Time Capsule Ornament

You will need:

A clear plastic ornament (available at craft stores)

You child’s school picture

Paper

Small piece of ribbon

Modge Podge

Sponge Brush

I started by helping the kids to write out their memories and milestones from this year – what grade they are in, their teacher’s name, their best friend, favourite book and tv show, trips we took and what they did for their birthday are all  good things to record. You could also print these out on the computer.

I gently took the top off the ornament by squeezing the metal prongs. Then I cut the lines of printed memories into strips and slipped them into the ornament and replaced the top.

MITK Tip:  Buy more than one ornament.  You never know!

I cut the school picture into a circle and painted modge podge on the back to stick it to the ornament.  Then I brushed another layer of modge podge on the edges of the picture and smoothed it out with my fingers.  Once the edges dried, I brushed another coat of modge over the entire photo.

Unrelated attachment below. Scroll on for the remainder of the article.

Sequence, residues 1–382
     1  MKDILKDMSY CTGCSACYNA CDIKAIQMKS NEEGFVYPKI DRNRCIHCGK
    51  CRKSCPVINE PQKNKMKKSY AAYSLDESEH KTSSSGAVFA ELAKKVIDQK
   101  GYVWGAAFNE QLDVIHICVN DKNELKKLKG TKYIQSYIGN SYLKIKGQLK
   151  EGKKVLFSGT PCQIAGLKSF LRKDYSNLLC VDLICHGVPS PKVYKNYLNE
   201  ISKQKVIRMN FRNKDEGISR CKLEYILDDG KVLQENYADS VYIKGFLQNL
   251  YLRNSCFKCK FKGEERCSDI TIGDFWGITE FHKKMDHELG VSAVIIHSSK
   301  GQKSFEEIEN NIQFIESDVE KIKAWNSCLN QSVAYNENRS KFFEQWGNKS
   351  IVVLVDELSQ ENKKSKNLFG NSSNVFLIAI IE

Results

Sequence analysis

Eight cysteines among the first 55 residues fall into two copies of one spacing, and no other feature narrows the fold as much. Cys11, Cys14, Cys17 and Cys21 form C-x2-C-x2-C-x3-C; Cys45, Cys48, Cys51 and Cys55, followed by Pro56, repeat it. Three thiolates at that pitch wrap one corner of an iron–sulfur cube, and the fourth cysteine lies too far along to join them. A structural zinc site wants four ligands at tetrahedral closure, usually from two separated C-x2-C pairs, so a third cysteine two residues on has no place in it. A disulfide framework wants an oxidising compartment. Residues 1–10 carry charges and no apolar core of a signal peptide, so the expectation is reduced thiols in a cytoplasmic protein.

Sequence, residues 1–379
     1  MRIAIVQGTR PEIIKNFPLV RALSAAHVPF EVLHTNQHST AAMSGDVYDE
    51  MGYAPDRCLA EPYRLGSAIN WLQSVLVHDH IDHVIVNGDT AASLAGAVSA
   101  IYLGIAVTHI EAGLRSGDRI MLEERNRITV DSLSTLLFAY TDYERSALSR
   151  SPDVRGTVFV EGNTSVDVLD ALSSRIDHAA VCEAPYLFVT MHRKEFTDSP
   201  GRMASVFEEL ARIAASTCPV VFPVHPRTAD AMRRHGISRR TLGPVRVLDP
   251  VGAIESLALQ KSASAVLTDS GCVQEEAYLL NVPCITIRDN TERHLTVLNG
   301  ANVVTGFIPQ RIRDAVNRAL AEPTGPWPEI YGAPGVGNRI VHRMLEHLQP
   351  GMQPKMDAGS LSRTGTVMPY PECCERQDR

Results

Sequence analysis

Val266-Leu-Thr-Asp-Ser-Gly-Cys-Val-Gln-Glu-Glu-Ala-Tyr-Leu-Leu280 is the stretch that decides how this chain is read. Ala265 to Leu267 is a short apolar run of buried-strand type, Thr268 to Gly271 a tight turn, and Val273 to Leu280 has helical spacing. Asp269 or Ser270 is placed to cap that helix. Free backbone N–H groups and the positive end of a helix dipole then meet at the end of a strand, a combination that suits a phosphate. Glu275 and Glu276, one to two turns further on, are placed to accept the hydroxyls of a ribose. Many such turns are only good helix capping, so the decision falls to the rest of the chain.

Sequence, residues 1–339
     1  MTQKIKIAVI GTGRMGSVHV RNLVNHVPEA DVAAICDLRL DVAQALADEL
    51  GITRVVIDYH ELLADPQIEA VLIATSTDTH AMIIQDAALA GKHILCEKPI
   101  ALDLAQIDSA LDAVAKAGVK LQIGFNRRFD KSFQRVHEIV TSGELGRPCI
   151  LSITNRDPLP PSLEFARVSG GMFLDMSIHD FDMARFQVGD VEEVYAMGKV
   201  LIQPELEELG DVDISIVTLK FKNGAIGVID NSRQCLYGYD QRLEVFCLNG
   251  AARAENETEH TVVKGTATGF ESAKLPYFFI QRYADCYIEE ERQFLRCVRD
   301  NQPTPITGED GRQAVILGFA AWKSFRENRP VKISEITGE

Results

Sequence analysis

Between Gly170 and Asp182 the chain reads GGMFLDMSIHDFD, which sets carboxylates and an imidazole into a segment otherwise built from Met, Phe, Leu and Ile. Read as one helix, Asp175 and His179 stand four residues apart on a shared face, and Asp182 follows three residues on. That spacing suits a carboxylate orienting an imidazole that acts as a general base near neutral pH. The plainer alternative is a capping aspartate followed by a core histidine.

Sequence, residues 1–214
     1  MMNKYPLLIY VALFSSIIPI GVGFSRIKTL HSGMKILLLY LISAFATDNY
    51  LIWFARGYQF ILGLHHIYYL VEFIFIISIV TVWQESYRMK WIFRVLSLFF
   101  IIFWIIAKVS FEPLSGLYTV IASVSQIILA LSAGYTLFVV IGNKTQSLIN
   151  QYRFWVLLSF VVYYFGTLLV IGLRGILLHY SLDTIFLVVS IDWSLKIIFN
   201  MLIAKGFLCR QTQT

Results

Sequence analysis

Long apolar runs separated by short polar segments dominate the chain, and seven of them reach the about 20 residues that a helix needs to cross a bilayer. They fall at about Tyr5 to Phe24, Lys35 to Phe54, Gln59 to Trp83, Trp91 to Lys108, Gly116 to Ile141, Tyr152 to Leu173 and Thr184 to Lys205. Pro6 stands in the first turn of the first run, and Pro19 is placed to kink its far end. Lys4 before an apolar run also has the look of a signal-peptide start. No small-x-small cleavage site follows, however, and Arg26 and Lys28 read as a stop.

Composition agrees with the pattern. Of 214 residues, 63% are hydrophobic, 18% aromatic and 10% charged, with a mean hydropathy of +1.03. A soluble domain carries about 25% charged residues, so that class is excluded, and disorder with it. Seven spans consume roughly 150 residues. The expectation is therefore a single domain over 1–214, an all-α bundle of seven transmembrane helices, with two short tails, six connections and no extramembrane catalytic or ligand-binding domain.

I topped it off with a pretty ribbon hanger.

Salt Doug Hand Ornament

This is what you need:

4 cups of flour
1 cup salt

Food coloring
Large Mixing Bowl
Water to moisten
Cookie sheet
A little oil 
Small rolling pin 
A drinking straw
Ribbon
A plate for a guide
Paint to decorate

This recipe will make three ornaments.

In your mixing bowl ~ gradually blend in your flour & salt with water to make the dough. 

MITK tip *Remember to add gradually, because you can always add more water but it is hard to take it away.

Divide dough mixture into three parts, lightly oil the cookie sheet, form and roll out dough. Be sure to make the dough thick enough to form the handprint.

Use the drinking straw to put a hole in the top for the ribbon. 

The best part is letting the kids press their hands into the dough to make their prints.

Place in a 150* degree oven for an hour. Or you can air dry overnight  for 24 hours.